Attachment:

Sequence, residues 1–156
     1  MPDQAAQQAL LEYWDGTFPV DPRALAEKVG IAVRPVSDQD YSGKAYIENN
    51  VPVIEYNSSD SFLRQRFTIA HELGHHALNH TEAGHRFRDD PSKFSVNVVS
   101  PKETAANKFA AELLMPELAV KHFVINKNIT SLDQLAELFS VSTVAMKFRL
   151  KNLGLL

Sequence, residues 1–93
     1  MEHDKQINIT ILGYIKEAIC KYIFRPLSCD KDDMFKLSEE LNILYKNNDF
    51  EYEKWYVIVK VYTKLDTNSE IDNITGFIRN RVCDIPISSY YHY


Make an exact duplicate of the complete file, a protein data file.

Sequence, residues 1–156
     1  MPDQAAQQAL LEYWDGTFPV DPRALAEKVG IAVRPVSDQD YSGKAYIENN
    51  VPVIEYNSSD SFLRQRFTIA HELGHHALNH TEAGHRFRDD PSKFSVNVVS
   101  PKETAANKFA AELLMPELAV KHFVINKNIT SLDQLAELFS VSTVAMKFRL
   151  KNLGLL

Sequence, residues 1–93
     1  MEHDKQINIT ILGYIKEAIC KYIFRPLSCD KDDMFKLSEE LNILYKNNDF
    51  EYEKWYVIVK VYTKLDTNSE IDNITGFIRN RVCDIPISSY YHY